30 min

Restoring Tradition: Kame Brewing with Yucho Shuzo Sake On Air

    • Society & Culture

In Part 1 of this special two-part series visiting the producers reviving the lost art of kamejikomi, we spoke with Ken Kojima of Kojima Sohonten, makers of Toko sake in Yamagata Prefecture.This week we travel to the town of Gose in Nara Prefecture to chat with Chobei Yamamoto who represents 13 generations of sake-making at Yucho Shuzo, best known for their sake brand, Kaze no Mori. Yamamoto-san has not only reinstated the use of traditional kame earthenware pots into brewing, but he’s restored and reconstructed an entirely new brewery committed to traditional brewing practices utilizing kamejikomi.Having been dormant for the past 100 years, the new Kyoho Kura is dedicated entirely to the new soon-to-be-released Mizuhana brand sake. Mizuhana sake is not only brewed in traditional kame, but is also made in-line with traditional brewing recipes from start to finish. In this episode, Yamamoto-san gives us a bit of background into the role of Nara and the temple brewing that took place there which laid the groundwork for modern sake brewing, communicating why it makes so much sense for Yucho Shuzo to be dedicating the resources it has to these all-but-lost brewing traditions.You can learn more about Yucho Shuzo and Kaze no Mori here, as well as follow along with their work, their sake, and exploits in brewing and agriculture on Instagram at @kazenomori1719.







Be sure to keep tabs on Sake on Air over on Instagram, Twitter, or Facebook, as well. Please take a moment to leave us a review on Apple Podcasts or your favorite listening service. Any additional comments and questions can be sent to us at questions@sakeonair.staba.jp.We’ll be back with more Sake on Air next week.Until then, kampai!







Sake On Air is made possible with the generous support of the Japan Sake & Shochu Makers Association and is broadcast from the Japan Sake & Shochu Information Center in Tokyo. The show is a co-production between Export Japan and Potts.K Productions, with audio production by Frank Walter. Our theme, “Younger Today Than Tomorrow” was composed by forSomethingNew for Sake On Air.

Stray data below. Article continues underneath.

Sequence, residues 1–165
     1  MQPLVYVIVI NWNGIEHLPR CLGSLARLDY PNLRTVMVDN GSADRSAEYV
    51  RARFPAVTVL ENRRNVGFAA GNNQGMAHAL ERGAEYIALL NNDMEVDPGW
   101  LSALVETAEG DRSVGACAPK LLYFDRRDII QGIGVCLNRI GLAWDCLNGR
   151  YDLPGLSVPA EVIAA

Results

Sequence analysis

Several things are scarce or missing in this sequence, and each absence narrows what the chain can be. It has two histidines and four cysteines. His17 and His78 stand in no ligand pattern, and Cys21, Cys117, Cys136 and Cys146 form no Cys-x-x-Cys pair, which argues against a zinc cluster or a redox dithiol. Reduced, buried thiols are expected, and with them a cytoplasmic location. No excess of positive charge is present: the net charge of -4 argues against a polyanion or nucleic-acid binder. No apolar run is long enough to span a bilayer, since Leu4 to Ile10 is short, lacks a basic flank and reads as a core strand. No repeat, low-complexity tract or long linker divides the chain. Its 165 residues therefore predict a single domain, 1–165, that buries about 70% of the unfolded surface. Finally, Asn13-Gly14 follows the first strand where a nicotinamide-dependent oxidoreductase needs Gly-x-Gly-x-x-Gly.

In Part 1 of this special two-part series visiting the producers reviving the lost art of kamejikomi, we spoke with Ken Kojima of Kojima Sohonten, makers of Toko sake in Yamagata Prefecture.This week we travel to the town of Gose in Nara Prefecture to chat with Chobei Yamamoto who represents 13 generations of sake-making at Yucho Shuzo, best known for their sake brand, Kaze no Mori. Yamamoto-san has not only reinstated the use of traditional kame earthenware pots into brewing, but he’s restored and reconstructed an entirely new brewery committed to traditional brewing practices utilizing kamejikomi.Having been dormant for the past 100 years, the new Kyoho Kura is dedicated entirely to the new soon-to-be-released Mizuhana brand sake. Mizuhana sake is not only brewed in traditional kame, but is also made in-line with traditional brewing recipes from start to finish. In this episode, Yamamoto-san gives us a bit of background into the role of Nara and the temple brewing that took place there which laid the groundwork for modern sake brewing, communicating why it makes so much sense for Yucho Shuzo to be dedicating the resources it has to these all-but-lost brewing traditions.You can learn more about Yucho Shuzo and Kaze no Mori here, as well as follow along with their work, their sake, and exploits in brewing and agriculture on Instagram at @kazenomori1719.







Be sure to keep tabs on Sake on Air over on Instagram, Twitter, or Facebook, as well. Please take a moment to leave us a review on Apple Podcasts or your favorite listening service. Any additional comments and questions can be sent to us at questions@sakeonair.staba.jp.We’ll be back with more Sake on Air next week.Until then, kampai!







Sake On Air is made possible with the generous support of the Japan Sake & Shochu Makers Association and is broadcast from the Japan Sake & Shochu Information Center in Tokyo. The show is a co-production between Export Japan and Potts.K Productions, with audio production by Frank Walter. Our theme, “Younger Today Than Tomorrow” was composed by forSomethingNew for Sake On Air.

30 min

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